Computers and Video Games

Computers and video games get a bad rap. Parents are told to limit the amount of time their children spend with them and to encourage kids to get out and do other things. But when those other things are difficult for or threatening to your child, and if they present a social difficulty, video and computer games can be very good things indeed.

You should still closely monitor your child's activity, and make sure that he is playing games that are appropriate to his age and developmental level. But this can be an area in which some children with sensory integration disorder can find social success that eludes them in more traditional childhood activities.

If your child can't hit a ball or run fast, but he knows all about the latest games and can play them with friends, he may be able to find his social niche there. At the least, it gives him something age-appropriate to do during play dates.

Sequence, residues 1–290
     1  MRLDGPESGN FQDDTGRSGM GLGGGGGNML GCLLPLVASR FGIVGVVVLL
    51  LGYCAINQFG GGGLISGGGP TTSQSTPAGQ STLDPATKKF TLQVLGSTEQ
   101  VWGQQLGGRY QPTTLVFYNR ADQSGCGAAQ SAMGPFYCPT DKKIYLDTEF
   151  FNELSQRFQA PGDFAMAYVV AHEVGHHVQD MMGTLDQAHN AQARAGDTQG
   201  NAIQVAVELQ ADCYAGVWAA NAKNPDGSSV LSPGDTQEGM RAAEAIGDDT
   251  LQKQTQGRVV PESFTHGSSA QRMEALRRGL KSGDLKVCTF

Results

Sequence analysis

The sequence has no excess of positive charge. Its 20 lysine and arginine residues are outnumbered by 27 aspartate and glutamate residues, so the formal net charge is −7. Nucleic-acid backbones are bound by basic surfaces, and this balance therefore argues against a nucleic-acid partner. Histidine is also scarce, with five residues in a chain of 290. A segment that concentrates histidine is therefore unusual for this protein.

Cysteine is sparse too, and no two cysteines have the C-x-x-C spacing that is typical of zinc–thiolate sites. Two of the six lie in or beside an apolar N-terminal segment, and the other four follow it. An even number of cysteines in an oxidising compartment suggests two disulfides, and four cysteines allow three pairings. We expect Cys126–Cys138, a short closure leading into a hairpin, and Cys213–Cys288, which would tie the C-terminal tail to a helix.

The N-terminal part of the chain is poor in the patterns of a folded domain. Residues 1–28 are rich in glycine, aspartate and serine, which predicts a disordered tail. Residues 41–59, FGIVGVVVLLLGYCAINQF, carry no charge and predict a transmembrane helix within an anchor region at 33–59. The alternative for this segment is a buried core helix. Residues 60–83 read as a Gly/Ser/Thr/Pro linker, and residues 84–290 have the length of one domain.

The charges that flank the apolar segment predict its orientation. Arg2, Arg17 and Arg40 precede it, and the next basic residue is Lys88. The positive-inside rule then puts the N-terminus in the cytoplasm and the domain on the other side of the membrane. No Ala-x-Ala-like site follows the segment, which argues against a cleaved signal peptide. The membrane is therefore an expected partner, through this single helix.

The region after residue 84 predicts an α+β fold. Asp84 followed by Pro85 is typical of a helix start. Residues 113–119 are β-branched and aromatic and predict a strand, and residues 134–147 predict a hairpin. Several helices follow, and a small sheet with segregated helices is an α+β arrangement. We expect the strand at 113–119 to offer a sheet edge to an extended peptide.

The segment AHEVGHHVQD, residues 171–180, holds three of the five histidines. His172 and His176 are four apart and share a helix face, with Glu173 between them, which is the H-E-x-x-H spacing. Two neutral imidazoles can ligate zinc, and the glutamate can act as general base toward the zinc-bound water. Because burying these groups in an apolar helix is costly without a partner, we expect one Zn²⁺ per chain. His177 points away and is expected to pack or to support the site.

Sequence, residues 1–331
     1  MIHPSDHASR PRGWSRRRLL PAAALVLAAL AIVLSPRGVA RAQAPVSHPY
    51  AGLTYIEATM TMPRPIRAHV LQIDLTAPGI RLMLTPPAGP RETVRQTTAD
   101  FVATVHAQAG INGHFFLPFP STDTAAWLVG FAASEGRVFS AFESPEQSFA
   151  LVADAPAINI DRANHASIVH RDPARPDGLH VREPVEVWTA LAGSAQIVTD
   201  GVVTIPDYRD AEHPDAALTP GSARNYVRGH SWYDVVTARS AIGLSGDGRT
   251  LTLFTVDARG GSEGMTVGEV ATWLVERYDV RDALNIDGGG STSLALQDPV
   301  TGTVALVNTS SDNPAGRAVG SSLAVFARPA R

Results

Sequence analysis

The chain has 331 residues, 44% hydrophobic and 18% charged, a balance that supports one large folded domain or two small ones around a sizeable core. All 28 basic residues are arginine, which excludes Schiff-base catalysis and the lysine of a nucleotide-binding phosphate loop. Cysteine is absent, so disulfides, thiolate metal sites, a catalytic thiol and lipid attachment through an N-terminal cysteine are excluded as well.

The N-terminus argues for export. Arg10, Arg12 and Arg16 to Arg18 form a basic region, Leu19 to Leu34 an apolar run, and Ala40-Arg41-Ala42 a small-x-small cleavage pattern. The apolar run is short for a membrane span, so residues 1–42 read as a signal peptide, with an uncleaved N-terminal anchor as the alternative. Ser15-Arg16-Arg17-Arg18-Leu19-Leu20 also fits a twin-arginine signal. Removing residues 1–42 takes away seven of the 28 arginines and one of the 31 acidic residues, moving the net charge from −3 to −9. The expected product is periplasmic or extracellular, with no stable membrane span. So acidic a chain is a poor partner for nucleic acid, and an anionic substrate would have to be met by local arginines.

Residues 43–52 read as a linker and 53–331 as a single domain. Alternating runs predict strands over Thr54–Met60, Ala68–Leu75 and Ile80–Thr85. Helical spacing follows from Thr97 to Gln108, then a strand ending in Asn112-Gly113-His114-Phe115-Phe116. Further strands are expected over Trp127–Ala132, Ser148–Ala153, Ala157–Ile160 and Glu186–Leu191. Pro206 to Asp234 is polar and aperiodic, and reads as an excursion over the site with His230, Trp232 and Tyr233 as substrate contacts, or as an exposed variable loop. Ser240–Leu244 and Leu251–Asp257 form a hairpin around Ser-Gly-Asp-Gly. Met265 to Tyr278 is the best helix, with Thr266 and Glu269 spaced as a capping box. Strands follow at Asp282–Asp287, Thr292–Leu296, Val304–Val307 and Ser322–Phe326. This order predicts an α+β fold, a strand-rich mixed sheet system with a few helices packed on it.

Pay attention to the rating system on games and watch your child as he plays. Some increase motor skills and coordination, and others are fun and provide an experience of success. Other games, though, even some with family friendly ratings, may be visually or auditorially overstimulating for your child. If a game spurs out of control behavior, pull the plug.

These games have another advantage: If your child enjoys them, they can be a powerful incentive to get her to do things she doesn't enjoy. Allow your child a Game Boy break for finishing a difficult homework task; allow video game minutes for dressing quickly in the morning; give computer time as a reward for eating neatly or making the bed.

You may also find that the games can be a fun activity for you and your child to do together. Let your child teach you how to play — she may enjoy that turn of the tables as much as she does the game.

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